Photograph opposite page 54 of The World Chess Championship: 1951 Botvinnik v Bronstein by William Winter and R.G. Wade (London, 1951)
Estimates of crowd sizes are notoriously unreliable, but some old reports of high figures at chess events may be tentatively noted here.
a) ‘Probably the largest crowd that has ever witnessed a chess fight assembled to witness the closing game of the contest between Chigorin and Steinitz at Havana on 28 February. It is estimated that about 1,900 people were present at the Centro Asturiano during the progress of that game.’ (International Chess Magazine, December 1891, page 370.)
b) Capablanca reported: ‘The tournament [Moscow, 1925] was played at the Hotel Metropole, a very spacious building ... It can comfortably take 1,200 people, yet it was crowded. There were always 1,500 to 2,000 spectators.’ (Interview in Diario de la Marina, 19 January 1926, page 17.)
Page 92 of the February 1926 BCM gave another participant’s estimate: ‘Yates says that there were about 5,000 visitors per day at the congress.’
c) Regarding Capablanca’s simultaneous exhibition against 200 players at 50 boards in New York on 12 February 1931: ‘ Conservatively estimated, upward of 2,000 persons attended this outstanding performance, unique even in the colorful career of the Cuban master ...’ (American Chess Bulletin, March 1931, page 45.)
d) Moscow, 1936: ‘According to Reuter’s report, so great was the eagerness to see the play that every one of the 2,000 seats in the hall were occupied, standing-room was jammed with spectators, and crowds outside clamoured for admission.’ (BCM, June 1936, page 282.)
‘100,000 people had to be refused tickets of admission to the first round of the Moscow tournament.’ (CHESS, 14 November 1936, page 87.)
At the other end of the scale, page 193 of Warren Goldman’s Carl Schlechter! Life and Times of the Austrian Chess Wizard gives an account from the Wiener Allgemeiner Sportzeitung of the attendance at Monte Carlo, 1904 (participants: Maróczy, Schlechter, Marshall, Gunsberg, Marco and Swiderski). The report claimed that the top attendance was on the final day, with 11 onlookers, whereas only three had watched the first round’s play.
Pages 210-211 of the July 1928 Deutsche Schachzeitung gave the following game of living chess, reporting that there were 2,000 spectators:
B. Lichtenstein – Ernst Grünfeld
Trabrennplatz, Vienna, 6 June 1928
1 e4 Nf6 2 Nc3 e5 3 Nf3 d6 4 d4 Nbd7 5 g3 g6 6 Bg2 Bg7 7 h3 c6 8 Be3 Qa5 9 dxe5 Nxe4 10 O-O Nxc3 11 bxc3 dxe5 12 Qd6 Qd5 13 Qb4 Qe6 14 Rae1 Qe7
15 Nxe5 Bxe5 16 Bd4 c5 17 Bxe5 cxb4 18 Bxh8 Ne5 19 Bxe5 Be6 20 cxb4 Qxb4 21 Rb1 Qc5 22 Bxb7 Rd8 23 Bf6 Rd6 24 Bg2 Qf5 25 Rb8+ Kd7 26 Rb7+ Kc8 27 Rfb1 Bd5 28 Rb8+ Kc7 29 Be7 Rb6 30 R8xb6 axb6 31 Bxd5 Qxd5 32 Re1 Qd2 33 Re3 Qxc2 34 a3 Qd1+ 35 Kg2 f5 36 Bg5 Qh5 37 h4 Kd6 38 Bf4+ Kd5 39 Rb3 Kc6 40 Be3 b5 41 Rc3+ Kb7 42 f3 g5 Drawn.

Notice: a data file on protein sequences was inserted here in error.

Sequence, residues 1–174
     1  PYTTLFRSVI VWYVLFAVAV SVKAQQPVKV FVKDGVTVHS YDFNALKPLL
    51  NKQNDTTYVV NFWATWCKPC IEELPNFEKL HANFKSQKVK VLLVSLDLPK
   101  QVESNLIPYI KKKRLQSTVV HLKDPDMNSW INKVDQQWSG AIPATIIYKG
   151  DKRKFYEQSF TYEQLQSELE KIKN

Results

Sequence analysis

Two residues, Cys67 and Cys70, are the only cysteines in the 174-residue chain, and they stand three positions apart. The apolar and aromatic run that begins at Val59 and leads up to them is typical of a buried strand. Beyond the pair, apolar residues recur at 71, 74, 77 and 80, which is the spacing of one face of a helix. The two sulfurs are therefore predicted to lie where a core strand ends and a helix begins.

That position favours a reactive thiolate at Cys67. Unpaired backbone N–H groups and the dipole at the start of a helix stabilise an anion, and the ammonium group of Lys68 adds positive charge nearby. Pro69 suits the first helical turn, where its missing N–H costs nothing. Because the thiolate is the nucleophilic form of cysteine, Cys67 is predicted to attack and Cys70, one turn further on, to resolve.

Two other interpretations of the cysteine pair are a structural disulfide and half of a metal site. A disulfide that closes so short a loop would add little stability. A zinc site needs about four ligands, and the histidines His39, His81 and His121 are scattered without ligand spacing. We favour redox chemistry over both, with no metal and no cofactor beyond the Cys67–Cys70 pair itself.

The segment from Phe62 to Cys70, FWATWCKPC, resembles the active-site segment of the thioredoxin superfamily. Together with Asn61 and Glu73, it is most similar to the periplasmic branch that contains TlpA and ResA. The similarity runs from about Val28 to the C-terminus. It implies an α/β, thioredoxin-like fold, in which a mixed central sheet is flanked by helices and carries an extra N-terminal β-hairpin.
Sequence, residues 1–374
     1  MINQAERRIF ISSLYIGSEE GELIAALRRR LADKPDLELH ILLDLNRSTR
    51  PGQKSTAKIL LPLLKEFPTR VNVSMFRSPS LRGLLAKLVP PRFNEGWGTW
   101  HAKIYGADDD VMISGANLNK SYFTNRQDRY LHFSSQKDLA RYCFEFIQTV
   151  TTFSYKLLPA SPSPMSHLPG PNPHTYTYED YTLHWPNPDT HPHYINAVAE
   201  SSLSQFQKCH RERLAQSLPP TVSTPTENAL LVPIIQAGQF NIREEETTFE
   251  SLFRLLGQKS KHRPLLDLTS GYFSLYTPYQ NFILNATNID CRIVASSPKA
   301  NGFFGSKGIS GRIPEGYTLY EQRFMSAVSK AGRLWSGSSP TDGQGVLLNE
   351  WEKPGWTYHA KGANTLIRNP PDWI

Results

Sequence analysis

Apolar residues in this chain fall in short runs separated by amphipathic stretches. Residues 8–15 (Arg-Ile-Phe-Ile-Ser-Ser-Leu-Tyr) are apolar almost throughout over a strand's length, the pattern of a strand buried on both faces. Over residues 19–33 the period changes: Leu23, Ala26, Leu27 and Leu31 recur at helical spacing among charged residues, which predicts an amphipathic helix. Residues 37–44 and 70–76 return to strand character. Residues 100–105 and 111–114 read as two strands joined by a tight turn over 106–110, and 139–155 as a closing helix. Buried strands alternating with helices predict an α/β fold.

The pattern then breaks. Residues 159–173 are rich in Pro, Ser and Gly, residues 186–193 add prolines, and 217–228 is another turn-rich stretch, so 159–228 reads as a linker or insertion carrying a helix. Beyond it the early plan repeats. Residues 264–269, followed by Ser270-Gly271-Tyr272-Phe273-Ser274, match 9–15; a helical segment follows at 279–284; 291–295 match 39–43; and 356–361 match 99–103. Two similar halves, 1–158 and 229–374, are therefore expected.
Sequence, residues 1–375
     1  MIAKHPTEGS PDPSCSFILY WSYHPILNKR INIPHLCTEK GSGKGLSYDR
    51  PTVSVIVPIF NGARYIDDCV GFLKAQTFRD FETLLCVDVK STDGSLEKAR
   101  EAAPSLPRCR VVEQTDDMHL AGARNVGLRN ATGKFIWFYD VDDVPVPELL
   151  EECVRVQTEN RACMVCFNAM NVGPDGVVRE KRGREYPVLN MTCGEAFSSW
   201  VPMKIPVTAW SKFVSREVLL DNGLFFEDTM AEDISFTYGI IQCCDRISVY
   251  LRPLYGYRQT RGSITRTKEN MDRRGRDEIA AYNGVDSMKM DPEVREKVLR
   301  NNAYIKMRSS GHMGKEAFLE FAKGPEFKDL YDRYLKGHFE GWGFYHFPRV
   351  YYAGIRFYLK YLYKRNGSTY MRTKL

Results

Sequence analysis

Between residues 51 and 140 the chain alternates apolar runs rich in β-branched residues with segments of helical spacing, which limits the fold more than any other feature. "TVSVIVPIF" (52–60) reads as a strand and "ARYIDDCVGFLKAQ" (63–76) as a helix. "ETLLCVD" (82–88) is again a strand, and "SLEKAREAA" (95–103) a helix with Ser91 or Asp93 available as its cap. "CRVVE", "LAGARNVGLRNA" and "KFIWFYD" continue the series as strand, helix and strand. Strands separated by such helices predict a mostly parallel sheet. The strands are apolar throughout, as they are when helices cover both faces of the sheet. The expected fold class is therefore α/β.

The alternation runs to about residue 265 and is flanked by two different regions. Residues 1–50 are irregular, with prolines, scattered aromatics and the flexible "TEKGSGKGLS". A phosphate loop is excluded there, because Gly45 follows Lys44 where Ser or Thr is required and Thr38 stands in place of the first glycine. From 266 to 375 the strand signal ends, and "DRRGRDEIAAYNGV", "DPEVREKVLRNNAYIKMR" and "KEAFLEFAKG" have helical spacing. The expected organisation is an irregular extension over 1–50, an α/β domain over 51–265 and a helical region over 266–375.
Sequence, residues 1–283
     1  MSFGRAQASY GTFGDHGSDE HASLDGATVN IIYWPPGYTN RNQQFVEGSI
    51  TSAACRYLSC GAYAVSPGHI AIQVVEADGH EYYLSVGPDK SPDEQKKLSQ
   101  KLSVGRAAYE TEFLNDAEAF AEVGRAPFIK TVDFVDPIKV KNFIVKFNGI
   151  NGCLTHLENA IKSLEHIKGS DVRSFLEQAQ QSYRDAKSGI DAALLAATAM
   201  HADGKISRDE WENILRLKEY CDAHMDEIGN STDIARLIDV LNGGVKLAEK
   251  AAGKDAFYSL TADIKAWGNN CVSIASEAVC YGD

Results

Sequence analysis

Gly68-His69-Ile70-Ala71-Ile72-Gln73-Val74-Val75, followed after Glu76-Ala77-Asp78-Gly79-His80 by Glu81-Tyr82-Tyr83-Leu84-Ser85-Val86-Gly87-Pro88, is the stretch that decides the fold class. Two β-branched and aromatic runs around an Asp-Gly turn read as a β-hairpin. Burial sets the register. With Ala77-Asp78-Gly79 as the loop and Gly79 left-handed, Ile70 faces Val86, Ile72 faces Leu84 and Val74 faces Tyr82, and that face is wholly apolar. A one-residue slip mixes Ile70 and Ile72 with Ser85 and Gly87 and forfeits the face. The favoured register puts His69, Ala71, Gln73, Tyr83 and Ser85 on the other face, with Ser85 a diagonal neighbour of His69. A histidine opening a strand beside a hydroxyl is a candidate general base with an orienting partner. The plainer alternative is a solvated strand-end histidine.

For a claim by Edward Lasker that ‘over 5,000 onlookers’ were at his game of living chess against Alekhine in Chicago on 19 June 1933, see C.N. 8917.
From page 195 of A History of Chess by Jerzy Giżycki (London, 1972):
A photograph taken at Moscow, 1925 (Capablanca v Bogoljubow) is reproduced in Analytical Disaccord. The vast popular interest in the tournament is shown by the film Chess Fever.
On pages 13-14 of Last Lectures (New York, 1966) Capablanca wrote:
‘Several years ago, in the Russian city of Kiev, I ran across Andrés Segovia, the great Spanish guitarist. We had known each other for some time; he as a lover of chess, and I as a lover of music! He was to give a concert and I a simultaneous exhibition. Both of these events were to take place in the great concert hall of Kiev, and naturally each of us invited the other to his performance. The simultaneous exhibition had been arranged for 30 students, boys and girls between ten and 16 years of age. Segovia, his wife and I arrived in the hall in due course, and I noted Segovia’s amazement at the spectacle which met his eyes. The huge hall was completely filled, and its balcony held more than a thousand girls who had come to watch the play. All were students and had learned to play chess in their respective schools. On the stage 30 boys and girls had been seated in a rectangle as is customary in such exhibitions. Most of them were boys, all of them ready to do battle with me. In each corner there had been placed a particularly strong adversary. In back of the players there was a crowd of boys and girls with their teachers and in back of them the guests. It was truly, as Segovia said, a phenomenal spectacle. There were at least three thousand people in the hall, almost all of them children.’
From page 416 of CHESS, 14 July 1936:
The next picture is from page 74 of World Chessmasters in Battle Royal by I.A. Horowitz and Hans Kmoch (New York, 1949), a book on ‘the first world championship tourney’:
The photograph below comes from opposite page 63 of World Chess Championship 1954 by H. Golombek (London, 1954):
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